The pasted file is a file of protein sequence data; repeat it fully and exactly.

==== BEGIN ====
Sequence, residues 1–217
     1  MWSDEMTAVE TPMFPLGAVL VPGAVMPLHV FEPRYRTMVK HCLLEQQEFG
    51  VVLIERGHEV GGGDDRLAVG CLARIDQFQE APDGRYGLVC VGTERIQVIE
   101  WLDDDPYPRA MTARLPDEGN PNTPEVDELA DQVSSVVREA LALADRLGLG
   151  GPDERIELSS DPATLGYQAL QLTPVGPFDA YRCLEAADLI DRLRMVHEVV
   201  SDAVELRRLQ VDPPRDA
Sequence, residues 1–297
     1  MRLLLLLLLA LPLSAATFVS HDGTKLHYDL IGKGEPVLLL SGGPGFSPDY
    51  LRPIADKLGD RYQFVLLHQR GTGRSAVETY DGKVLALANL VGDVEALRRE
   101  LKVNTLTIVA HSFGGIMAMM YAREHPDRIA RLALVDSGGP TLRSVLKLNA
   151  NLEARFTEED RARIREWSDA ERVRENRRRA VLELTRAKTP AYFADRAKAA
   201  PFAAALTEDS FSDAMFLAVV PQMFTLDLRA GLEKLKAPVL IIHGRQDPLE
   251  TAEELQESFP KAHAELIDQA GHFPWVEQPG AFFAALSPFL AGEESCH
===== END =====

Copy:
Sequence, residues 1–217
     1  MWSDEMTAVE TPMFPLGAVL VPGAVMPLHV FEPRYRTMVK HCLLEQQEFG
    51  VVLIERGHEV GGGDDRLAVG CLARIDQFQE APDGRYGLVC VGTERIQVIE
   101  WLDDDPYPRA MTARLPDEGN PNTPEVDELA DQVSSVVREA LALADRLGLG
   151  GPDERIELSS DPATLGYQAL QLTPVGPFDA YRCLEAADLI DRLRMVHEVV
   201  SDAVELRRLQ VDPPRDA
Sequence, residues 1–297
     1  MRLLLLLLLA LPLSAATFVS HDGTKLHYDL IGKGEPVLLL SGGPGFSPDY
    51  LRPIADKLGD RYQFVLLHQR GTGRSAVETY DGKVLALANL VGDVEALRRE
   101  LKVNTLTIVA HSFGGIMAMM YAREHPDRIA RLALVDSGGP TLRSVLKLNA
   151  NLEARFTEED RARIREWSDA ERVRENRRRA VLELTRAKTP AYFADRAKAA
   201  PFAAALTEDS FSDAMFLAVV PQMFTLDLRA GLEKLKAPVL IIHGRQDPLE
   251  TAEELQESFP KAHAELIDQA GHFPWVEQPG AFFAALSPFL AGEESCH